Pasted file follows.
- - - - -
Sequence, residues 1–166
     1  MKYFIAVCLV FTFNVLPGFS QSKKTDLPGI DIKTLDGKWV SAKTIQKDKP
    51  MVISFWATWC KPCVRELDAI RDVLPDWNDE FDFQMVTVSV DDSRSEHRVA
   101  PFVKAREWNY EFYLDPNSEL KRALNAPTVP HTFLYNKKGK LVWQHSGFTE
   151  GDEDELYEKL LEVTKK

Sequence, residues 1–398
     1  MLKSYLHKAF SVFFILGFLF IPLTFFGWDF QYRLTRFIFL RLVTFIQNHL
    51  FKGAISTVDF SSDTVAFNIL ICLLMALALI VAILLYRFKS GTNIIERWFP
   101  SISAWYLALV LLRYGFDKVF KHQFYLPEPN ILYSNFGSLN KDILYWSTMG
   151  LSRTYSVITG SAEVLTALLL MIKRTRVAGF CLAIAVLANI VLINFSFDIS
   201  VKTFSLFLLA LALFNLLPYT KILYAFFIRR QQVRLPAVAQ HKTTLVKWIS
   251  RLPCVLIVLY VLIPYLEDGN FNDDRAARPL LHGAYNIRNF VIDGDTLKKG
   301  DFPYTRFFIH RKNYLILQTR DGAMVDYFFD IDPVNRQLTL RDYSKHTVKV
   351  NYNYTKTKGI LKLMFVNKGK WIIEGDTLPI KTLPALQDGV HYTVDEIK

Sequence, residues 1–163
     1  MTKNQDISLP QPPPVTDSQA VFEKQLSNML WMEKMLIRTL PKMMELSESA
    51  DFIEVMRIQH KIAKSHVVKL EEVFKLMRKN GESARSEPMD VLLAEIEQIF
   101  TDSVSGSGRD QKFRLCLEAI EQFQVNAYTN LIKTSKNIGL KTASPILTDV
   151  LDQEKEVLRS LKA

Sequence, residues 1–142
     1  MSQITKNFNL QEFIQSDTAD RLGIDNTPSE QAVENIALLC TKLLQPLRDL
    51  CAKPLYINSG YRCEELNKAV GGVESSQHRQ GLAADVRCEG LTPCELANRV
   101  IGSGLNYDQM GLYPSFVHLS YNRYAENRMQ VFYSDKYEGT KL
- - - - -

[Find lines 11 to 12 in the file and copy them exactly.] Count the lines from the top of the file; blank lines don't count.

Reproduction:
   201  VKTFSLFLLA LALFNLLPYT KILYAFFIRR QQVRLPAVAQ HKTTLVKWIS
   251  RLPCVLIVLY VLIPYLEDGN FNDDRAARPL LHGAYNIRNF VIDGDTLKKG